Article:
However, here comes the part we may dread. When we enter into a truly repentant heart, it will definitely bring about remorse— remorse for our sins. This means that we acknowledge the detrimental impact and consequences of our wayward thoughts, feelings and behaviour. But from here, the remorse is meant to humble us and give us a reality check such that we will turn away from sin and change our direction to seek God and pursue the next steps in the Holy Spirit’s guiding instead. 

Unfortunately, our repentance can lead us in different directions at times. We either think we are repentant by merely feeling apologetic or on the other side, we become so apologetic that we crippled by guilt and shame. 2 Corinthians 7:10 says, “Godly sorrow brings repentance that leads to salvation and leaves no regret, but worldly sorrow brings death.” Now brothers and sisters, by our own will and sincerity, we can never apologise enough or feel bad enough to make ourselves right before our Holy God. It needs to be accompanied with a clear confession of our sinful self, willingness to bear the consequences of our choices, and find forgiveness and healing through God to respond in the way we live. Many times, we skip all the steps in between and just respond in the way people think is right, but that does not have any inner transformation. Whenever my son, Jude, does something that is wrong, his immediate reaction would be a very frustrated tone of “I’m sorry”. And I realised, when I merely ask him to apologise when he does something off the line, he does it quickly again the next time because he does not truly see his wrongs nor find the value of being forgiven. But when we explain to him the effects of what could happen if he does things this way, he realises the impact of what he does and his heart softens because he knows we do it protect him, not just blame him. Similarly, Jesus brings us into repentance like a parent is to a child. And only Jesus, the One who paid all our sin on the cross, can heal our brokenness. When we come to him in full surrender and trust, we will receive the forgiveness as Psalm 130:3-4 says, “If you, Lord, kept a record of sins, Lord, who could stand? But with you there is forgiveness, so that we can, with reverence, serve you.”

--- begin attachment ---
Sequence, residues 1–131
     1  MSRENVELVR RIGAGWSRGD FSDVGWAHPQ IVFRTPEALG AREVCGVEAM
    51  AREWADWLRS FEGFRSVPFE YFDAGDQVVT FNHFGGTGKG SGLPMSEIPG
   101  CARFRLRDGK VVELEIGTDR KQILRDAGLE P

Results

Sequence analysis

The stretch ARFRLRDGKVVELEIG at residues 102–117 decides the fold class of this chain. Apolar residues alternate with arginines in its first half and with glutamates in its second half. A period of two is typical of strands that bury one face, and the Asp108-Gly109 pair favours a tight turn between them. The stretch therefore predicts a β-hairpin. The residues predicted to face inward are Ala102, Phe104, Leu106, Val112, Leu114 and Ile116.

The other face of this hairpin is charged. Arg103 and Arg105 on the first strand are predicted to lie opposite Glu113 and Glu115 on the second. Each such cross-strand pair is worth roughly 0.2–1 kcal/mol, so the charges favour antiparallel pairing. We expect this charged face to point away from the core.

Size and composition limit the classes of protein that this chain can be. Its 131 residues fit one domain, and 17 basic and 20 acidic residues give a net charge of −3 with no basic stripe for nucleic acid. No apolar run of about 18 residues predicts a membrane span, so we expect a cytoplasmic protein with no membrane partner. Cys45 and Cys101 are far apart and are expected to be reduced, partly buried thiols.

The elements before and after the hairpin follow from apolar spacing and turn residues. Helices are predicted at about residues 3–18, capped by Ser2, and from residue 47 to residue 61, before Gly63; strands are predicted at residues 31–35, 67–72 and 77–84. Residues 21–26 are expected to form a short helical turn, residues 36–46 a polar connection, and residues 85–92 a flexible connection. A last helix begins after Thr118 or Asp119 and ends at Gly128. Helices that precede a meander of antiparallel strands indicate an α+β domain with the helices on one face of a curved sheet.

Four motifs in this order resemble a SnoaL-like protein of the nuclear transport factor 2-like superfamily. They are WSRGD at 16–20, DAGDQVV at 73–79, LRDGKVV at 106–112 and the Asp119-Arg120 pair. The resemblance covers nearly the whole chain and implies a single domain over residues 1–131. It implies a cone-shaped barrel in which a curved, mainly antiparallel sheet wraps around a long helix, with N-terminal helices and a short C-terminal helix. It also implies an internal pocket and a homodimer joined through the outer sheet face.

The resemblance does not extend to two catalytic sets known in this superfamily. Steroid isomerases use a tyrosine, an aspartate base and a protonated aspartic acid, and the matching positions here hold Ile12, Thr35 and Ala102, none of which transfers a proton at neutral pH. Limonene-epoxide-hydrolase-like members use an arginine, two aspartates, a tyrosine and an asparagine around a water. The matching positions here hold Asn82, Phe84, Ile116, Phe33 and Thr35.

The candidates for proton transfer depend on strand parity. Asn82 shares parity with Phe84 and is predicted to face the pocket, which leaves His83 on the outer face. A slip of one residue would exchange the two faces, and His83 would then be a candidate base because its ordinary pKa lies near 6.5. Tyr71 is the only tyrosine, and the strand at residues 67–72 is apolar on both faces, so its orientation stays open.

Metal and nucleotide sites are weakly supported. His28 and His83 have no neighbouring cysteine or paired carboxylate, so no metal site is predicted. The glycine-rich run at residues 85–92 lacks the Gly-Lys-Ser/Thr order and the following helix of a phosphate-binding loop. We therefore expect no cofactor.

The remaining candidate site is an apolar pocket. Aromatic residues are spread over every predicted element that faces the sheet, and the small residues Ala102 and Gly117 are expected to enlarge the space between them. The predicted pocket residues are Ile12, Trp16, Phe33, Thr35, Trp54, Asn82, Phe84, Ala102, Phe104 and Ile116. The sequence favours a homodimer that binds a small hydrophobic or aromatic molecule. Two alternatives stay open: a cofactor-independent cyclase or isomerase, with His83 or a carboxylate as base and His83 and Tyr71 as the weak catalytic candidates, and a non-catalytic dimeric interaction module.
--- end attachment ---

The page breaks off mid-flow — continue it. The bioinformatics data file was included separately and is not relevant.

Now back in the account of John the Baptist, people responded in repentance by first the confession of sins, then receiving John’s baptism. And presently, God also extends His mercy to sinners and allowing them to respond back to Him. Now if we do not repent daily, even for believers, we risk exposing our hearts too often in untruths and over time, making our hearts so hardened that we cannot hear God’s voice. Romans 2:5 says, “But because of your stubbornness and your unrepentant heart, you are storing up wrath against yourself for the day of God’s wrath, when his righteous judgment will be revealed.”
So when God convicts us of our sins, it is not to merely point fingers, but to inspire us out of our sinful ways and turning back to Him. 

For those who respond to the Lord’s call back to Him, repentance is truly a grace – or undeserved kindness – of God (Romans 2:4). And this ongoing repentance within us allows us to draw close to the purifying work of the Holy Spirit and experience increasing freedom from sin’s grip. May we all see the fruits of joy and freedom we bear as we grow in a repentant heart daily. God bless. 

Avatar
Miki Terayama
miki.terayama@gmail.com

Miki is a full-time ministry staff at The Blessed Run Ministries. She is a sister who shares a natural, God-given affinity with children and youths. She is married to Randy (NET Group Youth Leader) and has two little ones of her own, Liora and Jude. She is involved in the children, youth and social media ministries.

No Comments